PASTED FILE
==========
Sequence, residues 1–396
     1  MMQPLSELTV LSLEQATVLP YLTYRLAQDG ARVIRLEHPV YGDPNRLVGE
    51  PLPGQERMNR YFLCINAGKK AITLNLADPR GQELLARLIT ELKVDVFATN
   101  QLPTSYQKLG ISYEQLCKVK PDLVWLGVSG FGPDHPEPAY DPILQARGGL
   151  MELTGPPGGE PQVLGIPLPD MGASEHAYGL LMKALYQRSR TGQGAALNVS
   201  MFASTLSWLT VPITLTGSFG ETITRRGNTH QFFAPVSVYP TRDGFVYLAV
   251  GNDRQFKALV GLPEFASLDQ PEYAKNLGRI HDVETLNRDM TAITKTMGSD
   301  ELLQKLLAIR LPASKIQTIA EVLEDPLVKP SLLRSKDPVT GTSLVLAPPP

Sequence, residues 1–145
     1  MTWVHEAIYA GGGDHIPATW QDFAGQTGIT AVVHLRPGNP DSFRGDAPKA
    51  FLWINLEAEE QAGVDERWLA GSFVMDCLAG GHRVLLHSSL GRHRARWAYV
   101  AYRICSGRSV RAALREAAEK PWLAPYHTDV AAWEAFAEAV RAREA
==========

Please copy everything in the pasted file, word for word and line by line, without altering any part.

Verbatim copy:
Sequence, residues 1–396
     1  MMQPLSELTV LSLEQATVLP YLTYRLAQDG ARVIRLEHPV YGDPNRLVGE
    51  PLPGQERMNR YFLCINAGKK AITLNLADPR GQELLARLIT ELKVDVFATN
   101  QLPTSYQKLG ISYEQLCKVK PDLVWLGVSG FGPDHPEPAY DPILQARGGL
   151  MELTGPPGGE PQVLGIPLPD MGASEHAYGL LMKALYQRSR TGQGAALNVS
   201  MFASTLSWLT VPITLTGSFG ETITRRGNTH QFFAPVSVYP TRDGFVYLAV
   251  GNDRQFKALV GLPEFASLDQ PEYAKNLGRI HDVETLNRDM TAITKTMGSD
   301  ELLQKLLAIR LPASKIQTIA EVLEDPLVKP SLLRSKDPVT GTSLVLAPPP

Sequence, residues 1–145
     1  MTWVHEAIYA GGGDHIPATW QDFAGQTGIT AVVHLRPGNP DSFRGDAPKA
    51  FLWINLEAEE QAGVDERWLA GSFVMDCLAG GHRVLLHSSL GRHRARWAYV
   101  AYRICSGRSV RAALREAAEK PWLAPYHTDV AAWEAFAEAV RAREA